Wednesday, 9 April 2014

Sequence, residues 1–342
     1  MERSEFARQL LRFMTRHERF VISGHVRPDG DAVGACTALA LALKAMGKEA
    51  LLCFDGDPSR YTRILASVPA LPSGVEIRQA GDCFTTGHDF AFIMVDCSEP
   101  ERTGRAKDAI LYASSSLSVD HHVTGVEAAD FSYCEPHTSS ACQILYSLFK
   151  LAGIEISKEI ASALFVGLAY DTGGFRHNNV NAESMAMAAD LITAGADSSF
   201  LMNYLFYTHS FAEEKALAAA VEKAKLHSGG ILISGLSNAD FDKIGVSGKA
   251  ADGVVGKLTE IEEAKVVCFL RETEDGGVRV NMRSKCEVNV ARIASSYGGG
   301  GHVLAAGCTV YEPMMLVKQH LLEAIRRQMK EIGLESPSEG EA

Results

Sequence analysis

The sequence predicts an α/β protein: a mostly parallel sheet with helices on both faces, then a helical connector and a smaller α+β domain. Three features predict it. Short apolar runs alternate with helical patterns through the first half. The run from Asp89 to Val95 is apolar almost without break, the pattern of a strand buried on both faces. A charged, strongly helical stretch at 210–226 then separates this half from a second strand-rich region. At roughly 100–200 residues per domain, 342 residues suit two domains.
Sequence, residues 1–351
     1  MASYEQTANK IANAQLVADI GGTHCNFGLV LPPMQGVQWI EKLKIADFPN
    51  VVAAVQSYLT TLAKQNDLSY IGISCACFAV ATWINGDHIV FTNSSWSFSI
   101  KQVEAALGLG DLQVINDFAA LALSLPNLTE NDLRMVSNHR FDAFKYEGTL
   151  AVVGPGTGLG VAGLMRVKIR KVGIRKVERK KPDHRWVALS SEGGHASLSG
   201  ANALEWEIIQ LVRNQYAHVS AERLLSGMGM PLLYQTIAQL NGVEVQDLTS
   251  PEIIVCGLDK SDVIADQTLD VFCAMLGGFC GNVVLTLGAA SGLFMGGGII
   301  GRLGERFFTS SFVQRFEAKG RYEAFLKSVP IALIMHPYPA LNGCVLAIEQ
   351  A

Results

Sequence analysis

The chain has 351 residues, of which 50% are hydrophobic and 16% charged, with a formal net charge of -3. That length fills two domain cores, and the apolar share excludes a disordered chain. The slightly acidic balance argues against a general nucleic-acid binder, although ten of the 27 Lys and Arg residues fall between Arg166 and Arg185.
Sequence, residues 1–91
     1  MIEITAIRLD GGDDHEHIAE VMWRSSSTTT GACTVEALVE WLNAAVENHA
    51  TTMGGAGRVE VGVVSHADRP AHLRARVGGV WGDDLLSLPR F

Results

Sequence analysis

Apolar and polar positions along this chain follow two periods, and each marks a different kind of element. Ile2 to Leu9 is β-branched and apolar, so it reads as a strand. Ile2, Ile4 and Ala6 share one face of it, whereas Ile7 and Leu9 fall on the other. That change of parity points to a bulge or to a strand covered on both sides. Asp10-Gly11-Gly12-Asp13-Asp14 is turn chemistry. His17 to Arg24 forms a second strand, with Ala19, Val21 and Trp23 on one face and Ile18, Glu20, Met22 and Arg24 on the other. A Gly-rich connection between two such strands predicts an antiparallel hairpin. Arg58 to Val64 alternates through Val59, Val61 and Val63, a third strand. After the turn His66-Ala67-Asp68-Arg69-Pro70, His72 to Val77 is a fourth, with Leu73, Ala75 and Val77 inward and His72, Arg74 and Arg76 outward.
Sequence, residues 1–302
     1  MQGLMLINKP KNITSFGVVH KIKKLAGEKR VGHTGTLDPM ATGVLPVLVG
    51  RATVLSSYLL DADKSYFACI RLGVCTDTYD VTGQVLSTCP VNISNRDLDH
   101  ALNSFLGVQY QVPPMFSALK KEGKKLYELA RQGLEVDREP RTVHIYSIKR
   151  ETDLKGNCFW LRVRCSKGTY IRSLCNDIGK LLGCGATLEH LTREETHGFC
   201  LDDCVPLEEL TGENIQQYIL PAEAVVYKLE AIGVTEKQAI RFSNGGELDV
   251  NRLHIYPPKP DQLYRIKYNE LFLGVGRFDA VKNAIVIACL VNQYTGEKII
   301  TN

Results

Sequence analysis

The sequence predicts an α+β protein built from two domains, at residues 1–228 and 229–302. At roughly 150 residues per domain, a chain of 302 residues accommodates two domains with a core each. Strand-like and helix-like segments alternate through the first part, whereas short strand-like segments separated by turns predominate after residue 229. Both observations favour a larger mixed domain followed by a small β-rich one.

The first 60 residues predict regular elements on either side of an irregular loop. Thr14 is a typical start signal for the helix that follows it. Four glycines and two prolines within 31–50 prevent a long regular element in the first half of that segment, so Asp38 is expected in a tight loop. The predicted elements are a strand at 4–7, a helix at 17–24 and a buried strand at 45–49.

A film driven and defined by thoughts - by its characters' thoughts: unspoken or unconsidered, elusive, elliptical, and by my own: wandering. The distant beauty of Albert Serra's latest provocation, as rigorous as it is frivolous, is restless and amorphous, yet mired in stagnancy. It is as every other element of this film, a compendium of semi- and fully-formed notions from its creator, who edited Story of My Death down from a reputed 400 hours of footage. He displays a cool obsession - itself an oxymoron - with contradiction, in matters formal and cerebral both, and if his loyalty to applying this concept to every strand in his film's structure is laudable, it also renders the film little more than a filmed thesis. As such, it's of superlative quality, though. Serra juxtaposes sentimental passion with carnal passion, carnality with rationality, interiors (be it of a luxurious castle, of a person's mind - their thoughts, ever diverting the film down unexpected routes - of a living woman, or of a dead animal) with exteriors (the vast sub-Carpathain landscapes, the frame of a body, attired in nothing more than limp, lifeless cloth), wealth with poverty, riches with shit, calm contemplation with relative chaos... Relative indeed, since Serra's penchant for utter calm pervades, and it's as likely to draw your senses to the exquisite details he has designed as it is to bore you stiff, particularly as the quality of the production arguably doesn't always live up to one's standards. Yet this too could be another of Serra's contradictions: sumptuousness against ugliness, a film that courts attention against one that repels it. And, of course, Casanova vs. Dracula. That's the provocation he sets against the haughtiness he instills in every line, and in every frame. And I also experienced my own contradictions: respecting the film and rejecting it, being glad for its breadth of ideas and frustrated for the lack of depth in them, and, plainly, understanding it, and not having a fucking clue what it's about. And not caring either.